As much as the nature-documentary view of evolution involves carnivores running down and chomping herbivores, a lot of the evolutionary action has got to be intra-species, and in social animals there’s a tension between manipulation, aggression, and dominance on one side and cooperation for mutual benefit on the other.  If manipulation were the whole story, we never would have managed to work together enough to build this amazing computer I’m typing on. Theory shows how  pro-social behavior can emerge under suitable conditions, and how it can out-compete ruthlessness.  Altruism towards family members is easy to understand, but under the right conditions it can extend further – particularly where living arrangements allow for repeated interaction, and the critters in question (e.g. us) have sufficient intelligence and memory to sort out and recognize the reliable characters from the shifty ones. But these conditions are fragile and limited in scope, and powerful motivations for betrayal are never far beneath the surface.   Accordingly, manipulation, loyalty, and betrayal are constant preoccupations among people everywhere, and a perennial staple of fiction.

The principles of evolution offer some guidance about when to suspect manipulation most – especially single-shot interactions (for instance buying a used car far from home) and anonymous settings (e.g. emails from ‘friends’ in Nigeria).  But far beyond outright fraud, on average a random person who is trying to make you believe something is far more likely to be doing it for their benefit than for yours. The most obvious example is advertising: the product might be good and it might be shoddy, but the person producing the ad copy probably may not even know – their bonus (and their continued employment) hangs on their ability to get you to open your wallet.

Understanding the incentives that are motivating the people (and other organisms) we interact with is a powerful tool.  If your doctor receives 30% of his income in the form of clandestine ‘gifts’ from drug manufacturers, it is reasonable to expect that this will have an impact on his prescribing behavior – whether he admits it to himself or not, you are unlikely to be the beneficiary of that influence.  But a flight to ‘alternative’ or ‘holistic’ practice is no refuge – indeed the skeptical worldview is frequently under attack by people who would love to convince potential customers that the scientific establishment are fascist storm troopers, so they can sell more herbs or crystals or whatever type of dubious product they have on offer.

Others are skeptical of skepticism for reasons of iconoclasm – ‘it comports with my self-image as an edgy person to claim that all ways of knowing are equally valid’ – or simply aesthetics and wish-fulfillment: ‘true or not, I am happier believing that powerful forces want me to be beautiful and successful.’ (There may even be a strange evolutionary logic to illogic – if I truly believe that warpaint protects me from arrows, I will surely act with more courage, and in a world of less deadly weapons, the added benefit of banishing fear could conceivably more than compensate for the cost of miscalculations about the effects of pigment on projectiles.) Still others condemn the skeptical stance as heartless and austere; that – even if  true – it is too thin and hard a pillow for the average mortal to rest their head on at night, and that ordinary people would be better off believing in comforting fictions.  But this is condescending. People can handle unvarnished reality, and they make better decisions when they understand it.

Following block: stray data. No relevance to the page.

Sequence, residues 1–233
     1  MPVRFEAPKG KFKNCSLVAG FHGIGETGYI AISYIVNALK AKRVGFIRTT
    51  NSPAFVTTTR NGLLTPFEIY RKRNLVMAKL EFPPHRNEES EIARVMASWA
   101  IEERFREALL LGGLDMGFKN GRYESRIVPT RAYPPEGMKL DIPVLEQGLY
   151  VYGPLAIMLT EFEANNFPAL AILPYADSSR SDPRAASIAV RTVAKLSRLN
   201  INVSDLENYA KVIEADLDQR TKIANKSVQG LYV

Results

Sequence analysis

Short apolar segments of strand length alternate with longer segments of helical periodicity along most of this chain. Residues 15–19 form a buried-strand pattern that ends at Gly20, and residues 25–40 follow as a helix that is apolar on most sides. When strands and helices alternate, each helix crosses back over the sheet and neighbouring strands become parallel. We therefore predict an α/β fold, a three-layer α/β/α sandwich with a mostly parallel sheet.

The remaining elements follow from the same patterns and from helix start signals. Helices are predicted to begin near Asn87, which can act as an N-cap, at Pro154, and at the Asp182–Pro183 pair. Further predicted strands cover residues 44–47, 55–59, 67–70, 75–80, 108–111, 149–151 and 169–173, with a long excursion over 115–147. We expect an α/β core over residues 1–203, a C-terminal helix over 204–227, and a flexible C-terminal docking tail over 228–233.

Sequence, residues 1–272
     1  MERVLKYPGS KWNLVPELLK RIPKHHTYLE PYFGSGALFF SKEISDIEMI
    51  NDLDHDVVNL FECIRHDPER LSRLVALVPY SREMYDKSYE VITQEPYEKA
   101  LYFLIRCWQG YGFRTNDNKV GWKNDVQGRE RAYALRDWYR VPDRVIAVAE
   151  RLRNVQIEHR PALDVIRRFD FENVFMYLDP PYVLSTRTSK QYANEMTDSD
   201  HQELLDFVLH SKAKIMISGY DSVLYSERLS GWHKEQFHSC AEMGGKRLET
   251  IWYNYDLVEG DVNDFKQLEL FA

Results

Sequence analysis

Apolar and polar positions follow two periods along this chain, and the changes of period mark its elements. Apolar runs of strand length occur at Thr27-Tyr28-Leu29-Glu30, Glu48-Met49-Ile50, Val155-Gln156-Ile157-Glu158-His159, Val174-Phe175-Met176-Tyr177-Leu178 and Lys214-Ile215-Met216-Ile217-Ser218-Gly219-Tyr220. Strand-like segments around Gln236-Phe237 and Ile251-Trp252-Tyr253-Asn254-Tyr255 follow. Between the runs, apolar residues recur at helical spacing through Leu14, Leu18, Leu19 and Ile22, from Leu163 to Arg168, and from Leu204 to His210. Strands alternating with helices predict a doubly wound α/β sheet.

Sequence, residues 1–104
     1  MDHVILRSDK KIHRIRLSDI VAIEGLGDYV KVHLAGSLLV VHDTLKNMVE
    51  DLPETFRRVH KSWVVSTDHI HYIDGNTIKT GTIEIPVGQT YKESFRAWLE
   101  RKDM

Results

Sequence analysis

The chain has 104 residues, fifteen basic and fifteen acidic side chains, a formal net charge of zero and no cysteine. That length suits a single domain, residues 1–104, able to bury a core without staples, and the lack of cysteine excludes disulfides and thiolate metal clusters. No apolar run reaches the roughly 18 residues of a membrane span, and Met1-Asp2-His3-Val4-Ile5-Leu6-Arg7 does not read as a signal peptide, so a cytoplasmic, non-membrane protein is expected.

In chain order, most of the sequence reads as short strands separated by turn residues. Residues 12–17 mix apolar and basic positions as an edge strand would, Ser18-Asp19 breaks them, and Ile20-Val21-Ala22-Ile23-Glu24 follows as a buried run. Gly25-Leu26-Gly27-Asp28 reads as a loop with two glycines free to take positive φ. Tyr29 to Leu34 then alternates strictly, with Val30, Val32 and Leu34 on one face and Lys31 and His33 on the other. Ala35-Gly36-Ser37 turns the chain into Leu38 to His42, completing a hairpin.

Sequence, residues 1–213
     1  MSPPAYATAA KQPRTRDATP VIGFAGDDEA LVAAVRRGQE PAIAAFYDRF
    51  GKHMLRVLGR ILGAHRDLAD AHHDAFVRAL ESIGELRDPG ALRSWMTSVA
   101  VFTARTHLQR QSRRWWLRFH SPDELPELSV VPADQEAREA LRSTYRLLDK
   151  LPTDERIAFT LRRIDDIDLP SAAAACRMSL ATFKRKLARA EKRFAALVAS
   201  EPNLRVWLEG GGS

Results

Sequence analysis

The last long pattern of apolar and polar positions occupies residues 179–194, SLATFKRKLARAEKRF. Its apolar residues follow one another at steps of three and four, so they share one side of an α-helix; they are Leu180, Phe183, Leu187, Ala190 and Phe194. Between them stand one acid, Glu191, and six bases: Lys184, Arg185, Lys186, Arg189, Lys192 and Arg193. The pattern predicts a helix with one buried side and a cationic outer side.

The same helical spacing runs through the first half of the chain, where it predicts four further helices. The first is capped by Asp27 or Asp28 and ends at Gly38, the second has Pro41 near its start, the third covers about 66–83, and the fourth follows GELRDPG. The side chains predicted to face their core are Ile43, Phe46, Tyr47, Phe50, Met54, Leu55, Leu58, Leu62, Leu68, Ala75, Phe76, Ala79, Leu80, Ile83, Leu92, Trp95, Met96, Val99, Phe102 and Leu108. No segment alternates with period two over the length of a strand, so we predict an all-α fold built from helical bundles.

Evolutionary insight brings the realization that the world is jam-packed with finely-tuned organisms that in no way have your best interests in mind – ranging all the way from viruses to used car salesmen.  This understanding is very different (and potentially a lot less attractive) than conceptions of a stern but loving God – or a fluffy New Age optimism that the universe cares about you and everything happens for a reason – but it has the virtue of being true.The skeptical view is consistent with our best understanding of how the universe works, and it is of a piece with hard-won, durable, practical knowledge of how matter, energy, and living organisms interact. This same body of knowledge amplified our power (and our environmental impact, alas) a hundredfold by harnessing thermodynamics, cured deadly diseases through detailed knowledge and intricate manipulations of  invisible biological machinery, built us microscopes and telescopes that allow us to visualize the stuff of the universe across 20 orders of magnitude, and landed a few lucky dudes temporarily on the moon. And it says that the universe doesn’t care about you, no matter how much you wish it did, and furthermore that many of its living pieces would much rather use you for their own purposes than do you a favor.

Borrelia burgdorferi!

August 18, 2011

Aka Lyme Disease – that’s what was plaguing me this weekend. Alexis suspected as much, with her keen diagnostic sense, but I figured it was just some virus, until this popped up on my side:

So it’s not a virus at all, it’s a tick-transmitted spirochete. That rash is ‘erythema migrans’, and it sealed the diagnosis (it looks even more like a bull’s eye now, since it’s clearing out between the edge and the center), so now I’ve got some doxycycline (100mg, 2x per day, 14 days) and I’m feeling fine except for the big red itchy thing on my side. I was actually already feeling a lot better before the rash even showed up, and apparently that’s the insidious thing about Lyme – if you don’t get the initial symptoms that bad, tough it out, and don’t get or don’t notice the rash, it can go undercover, mess with your joints, and even get across the blood-brain barrier. So, if you have weird virus-like symptoms – for me it was mild headache, dizziness, and fever to start with, then severe sweats and chills, then on about day 3 when I seemed to be coming out of it otherwise, headache much more severe than the usual virus – also weird was no runny nose or cough or any type of respiratory symptoms. But, apparently the presentation can vary widely – beware, and get it treated!